Is the Internet “Transforming” Business?
| Peter Klein |
In the 1990s and early 2000s there was a huge debate about the impact of information technology on productivity. Robert Solow famously quipped, “You can see the computer age everywhere but in the productivity statistics.” Robert Gordon, Erik Brynjolfsson, Jack Triplett, and many others participated in this debate, with issues revolving around productivity measurement, workplace incentives, organizational complementarities, and more. (I did some work on this too.) The end result was a rough consensus that IT did increase productivity, but that the effects were modest.
The buzz over “wikified” organizations — open-source communities, highly disaggregated firms, crowdsourced production, and the like — gives me a strong sense of déjà vu. Indeed, we have not been kind to the wikinomics view in these pages. Now Don Tapscott, a leader of this movement, seems to be having second thoughts:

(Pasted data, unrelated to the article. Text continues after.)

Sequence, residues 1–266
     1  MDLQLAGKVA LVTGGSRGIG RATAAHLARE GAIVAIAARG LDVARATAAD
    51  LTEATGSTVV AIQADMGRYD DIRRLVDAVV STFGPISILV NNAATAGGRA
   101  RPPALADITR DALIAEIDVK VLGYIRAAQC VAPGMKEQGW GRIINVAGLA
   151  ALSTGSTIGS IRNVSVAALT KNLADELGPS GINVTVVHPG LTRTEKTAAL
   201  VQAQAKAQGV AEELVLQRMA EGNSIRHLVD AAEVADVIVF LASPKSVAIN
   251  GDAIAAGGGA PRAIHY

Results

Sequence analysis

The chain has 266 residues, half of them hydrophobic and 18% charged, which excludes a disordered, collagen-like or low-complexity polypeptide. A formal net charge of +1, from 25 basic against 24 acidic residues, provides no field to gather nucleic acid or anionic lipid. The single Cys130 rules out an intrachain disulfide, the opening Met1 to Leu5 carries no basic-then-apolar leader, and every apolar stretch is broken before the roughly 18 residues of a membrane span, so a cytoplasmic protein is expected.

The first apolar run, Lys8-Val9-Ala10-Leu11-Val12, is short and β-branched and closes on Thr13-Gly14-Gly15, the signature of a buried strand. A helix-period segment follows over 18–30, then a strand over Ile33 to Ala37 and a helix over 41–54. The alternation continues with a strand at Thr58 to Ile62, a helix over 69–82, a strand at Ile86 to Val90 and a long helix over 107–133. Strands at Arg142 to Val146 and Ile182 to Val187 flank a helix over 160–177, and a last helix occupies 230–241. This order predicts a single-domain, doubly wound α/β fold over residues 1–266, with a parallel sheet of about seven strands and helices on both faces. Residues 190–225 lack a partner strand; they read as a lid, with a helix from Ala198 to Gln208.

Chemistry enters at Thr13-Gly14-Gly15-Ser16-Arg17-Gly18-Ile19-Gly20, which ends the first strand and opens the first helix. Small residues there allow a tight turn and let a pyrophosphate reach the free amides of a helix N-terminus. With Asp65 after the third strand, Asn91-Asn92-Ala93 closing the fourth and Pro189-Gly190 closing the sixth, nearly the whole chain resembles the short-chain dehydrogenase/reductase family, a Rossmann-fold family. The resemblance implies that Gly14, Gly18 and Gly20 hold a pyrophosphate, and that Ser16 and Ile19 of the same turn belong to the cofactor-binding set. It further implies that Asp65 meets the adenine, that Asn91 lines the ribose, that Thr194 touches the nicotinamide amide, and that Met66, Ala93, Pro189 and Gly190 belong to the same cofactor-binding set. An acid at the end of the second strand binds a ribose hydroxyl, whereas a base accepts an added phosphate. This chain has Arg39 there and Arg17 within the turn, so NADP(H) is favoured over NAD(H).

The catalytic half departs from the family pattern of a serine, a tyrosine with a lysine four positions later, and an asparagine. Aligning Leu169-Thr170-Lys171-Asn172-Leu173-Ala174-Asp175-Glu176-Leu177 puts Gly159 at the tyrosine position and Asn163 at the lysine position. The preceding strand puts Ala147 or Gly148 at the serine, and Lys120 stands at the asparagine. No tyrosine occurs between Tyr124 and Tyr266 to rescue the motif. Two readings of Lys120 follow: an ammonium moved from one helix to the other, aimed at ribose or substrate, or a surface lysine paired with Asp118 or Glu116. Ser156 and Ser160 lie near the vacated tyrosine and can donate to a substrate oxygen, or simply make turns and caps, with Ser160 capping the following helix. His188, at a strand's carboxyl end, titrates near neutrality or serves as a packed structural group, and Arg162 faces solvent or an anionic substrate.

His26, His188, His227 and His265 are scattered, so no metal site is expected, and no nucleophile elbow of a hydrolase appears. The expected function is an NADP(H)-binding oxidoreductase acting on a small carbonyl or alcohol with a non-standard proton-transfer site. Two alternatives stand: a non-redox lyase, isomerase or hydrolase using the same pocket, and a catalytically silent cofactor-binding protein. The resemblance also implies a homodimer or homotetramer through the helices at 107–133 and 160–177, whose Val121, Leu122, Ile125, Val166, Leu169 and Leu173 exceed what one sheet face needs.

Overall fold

In our 2006 book Wikinomics, Anthony D. Williams and I looked at dozens of companies that have used the Internet to transform their business models and achieve tremendous success.
However, in the five years since the book’s publication, we’ve noticed something striking: the rate of business model innovation has not accelerated. Yes, some individual companies have achieved competitive advantage by exploiting the web and networked business models. But overall the gains have been modest.
The reason, says Tapscott, is that “it’s becoming difficult or even impossible for companies to achieve breakthrough success without changing their entire industry’s modus operandi.” This reminds me of the conclusion from the earlier literature that IT has the biggest effect when combined with complementary organizational practices (e.g., Milgrom and Roberts, 1995), which suggests that change doesn’t occur until all elements of the complementary bundle are in place — maybe a long time after the initial innovation.